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What is it?

Asthma is a chronic (long term) inflammatory lung disease which leads to constriction of the airways. Inhalers can open up the airways making it easier to breathe.

Bronchi are muscular tubes that carry air throughout the lungs, transporting it to and from smaller airway branches called bronchioles. With asthma, the walls of the bronchi are inflamed and swollen which narrows the airway and makes it more difficult to breathe, resulting in wheezing, breathlessness, or coughing.
Symptoms play the most important part in diagnosing asthma but tests can also be useful. Lung function tests can help to distinguish asthma from other lung diseases. Laboratory testing may also help to identify allergies. Lung function tests are used to keep an eye on patients who have asthma, and during severe attacks to help treatment.

Acute asthma attacks occur due to variety of reasons. Sudden tightening of the bronchi with production of mucus can block the tubes. The bronchi can become so narrow that very little air can travel in or out. This causes the person affected to cough and wheeze, feel tightness in their chest, and struggle to breathe. Asthma attacks can occur at any time but are especially frequent at night and in the morning. Severe asthma attacks can be life threatening, often requiring immediate medical attention.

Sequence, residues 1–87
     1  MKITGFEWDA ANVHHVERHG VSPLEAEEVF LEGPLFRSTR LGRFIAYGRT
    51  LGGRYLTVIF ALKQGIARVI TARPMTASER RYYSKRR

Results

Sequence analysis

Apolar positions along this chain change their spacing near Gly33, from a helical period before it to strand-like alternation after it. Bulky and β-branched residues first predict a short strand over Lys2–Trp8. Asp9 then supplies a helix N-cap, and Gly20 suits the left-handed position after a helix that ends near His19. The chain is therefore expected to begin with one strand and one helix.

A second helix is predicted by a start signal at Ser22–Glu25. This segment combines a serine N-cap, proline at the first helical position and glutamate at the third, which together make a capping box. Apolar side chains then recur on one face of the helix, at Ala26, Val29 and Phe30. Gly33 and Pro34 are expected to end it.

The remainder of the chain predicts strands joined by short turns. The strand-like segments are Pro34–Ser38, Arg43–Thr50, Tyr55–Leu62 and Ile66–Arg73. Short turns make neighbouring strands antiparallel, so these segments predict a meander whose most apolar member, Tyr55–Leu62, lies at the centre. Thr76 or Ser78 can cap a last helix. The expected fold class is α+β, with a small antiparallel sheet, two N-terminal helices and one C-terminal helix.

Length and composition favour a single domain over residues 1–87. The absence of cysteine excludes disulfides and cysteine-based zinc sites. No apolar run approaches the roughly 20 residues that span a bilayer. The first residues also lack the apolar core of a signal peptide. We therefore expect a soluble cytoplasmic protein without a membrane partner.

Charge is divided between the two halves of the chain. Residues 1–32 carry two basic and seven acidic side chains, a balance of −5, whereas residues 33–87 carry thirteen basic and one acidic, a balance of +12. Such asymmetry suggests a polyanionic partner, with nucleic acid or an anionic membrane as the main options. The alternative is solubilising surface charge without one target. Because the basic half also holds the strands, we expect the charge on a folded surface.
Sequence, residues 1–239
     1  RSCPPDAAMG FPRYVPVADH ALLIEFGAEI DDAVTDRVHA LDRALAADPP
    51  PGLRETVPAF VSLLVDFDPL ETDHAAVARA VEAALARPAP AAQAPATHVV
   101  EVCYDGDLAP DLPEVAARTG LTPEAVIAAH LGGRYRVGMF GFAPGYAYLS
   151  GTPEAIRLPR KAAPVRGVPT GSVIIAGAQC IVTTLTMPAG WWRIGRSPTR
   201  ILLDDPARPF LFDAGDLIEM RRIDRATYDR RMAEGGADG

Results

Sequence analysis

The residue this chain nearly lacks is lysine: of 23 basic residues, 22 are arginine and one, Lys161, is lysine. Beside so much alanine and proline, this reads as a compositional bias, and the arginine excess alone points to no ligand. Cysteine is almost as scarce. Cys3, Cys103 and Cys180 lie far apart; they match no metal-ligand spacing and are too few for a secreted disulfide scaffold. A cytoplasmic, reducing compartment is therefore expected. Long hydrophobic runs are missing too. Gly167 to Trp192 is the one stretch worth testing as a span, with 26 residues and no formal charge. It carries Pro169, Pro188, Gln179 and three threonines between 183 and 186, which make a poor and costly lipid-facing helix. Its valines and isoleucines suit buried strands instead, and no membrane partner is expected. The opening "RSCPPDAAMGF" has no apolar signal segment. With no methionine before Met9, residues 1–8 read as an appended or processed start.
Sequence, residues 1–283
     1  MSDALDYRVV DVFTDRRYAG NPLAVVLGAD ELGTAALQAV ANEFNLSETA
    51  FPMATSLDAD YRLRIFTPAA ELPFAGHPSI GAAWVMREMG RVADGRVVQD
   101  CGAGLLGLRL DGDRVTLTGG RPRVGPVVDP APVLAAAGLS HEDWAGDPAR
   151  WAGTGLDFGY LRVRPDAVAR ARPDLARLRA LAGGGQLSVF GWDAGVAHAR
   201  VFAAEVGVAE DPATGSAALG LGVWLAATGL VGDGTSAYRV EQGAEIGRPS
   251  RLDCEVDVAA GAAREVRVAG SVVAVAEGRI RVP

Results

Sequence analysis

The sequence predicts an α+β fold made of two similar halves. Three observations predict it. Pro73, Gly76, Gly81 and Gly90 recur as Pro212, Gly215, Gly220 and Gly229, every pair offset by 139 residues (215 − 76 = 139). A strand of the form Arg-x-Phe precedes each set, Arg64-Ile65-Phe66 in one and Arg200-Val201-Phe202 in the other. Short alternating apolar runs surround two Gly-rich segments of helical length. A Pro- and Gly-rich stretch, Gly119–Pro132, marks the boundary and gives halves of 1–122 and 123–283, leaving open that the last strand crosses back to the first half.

Australia has a high prevalence of asthma, up to 1 in 6 children and 1 in 10 adults are affected. The condition is associated with towns and cities. Asthma is not currently curable, but it is controllable and most people who have it can lead active and relatively normal lives.

Asthma affects people to different extents. Some people will only use inhalers once a month if they are exercising. Others may need to attend hospital regularly and when they have severe attacks they may be put onto a ventilator.

The exact cause of asthma is unknown, it is a complicated mix of genetics, the environment and other factors. The triggers for asthma attacks will be slightly different for each person. Many people with asthma are allergic to particular substances which are called allergens. Asthma attacks can be triggered in these people if they come into contact with these substances. The airways over-react to allergens in the air such as pollen, pollution, mould, dust mites, animals, particles and fumes. Asthma attacks may also be caused by stress, strong emotional response (laughing, crying, and anger), exercise, and cold air. Medicines such as beta-blockers, aspirin and ibuprofen can trigger attacks. Sulphites found in wine and dried fruit and infections can cause episodes of asthma in some people.

Other lung diseases and conditions can have symptoms similar to asthma. Sometimes other lung disease can occur at the same time as asthma and this may make the asthma attacks worse. Conditions such as GORD (gastro-oesophageal reflux disease, also called acid reflux) can trigger or make asthma attacks worse in some people.

Last Review Date: April 6, 2013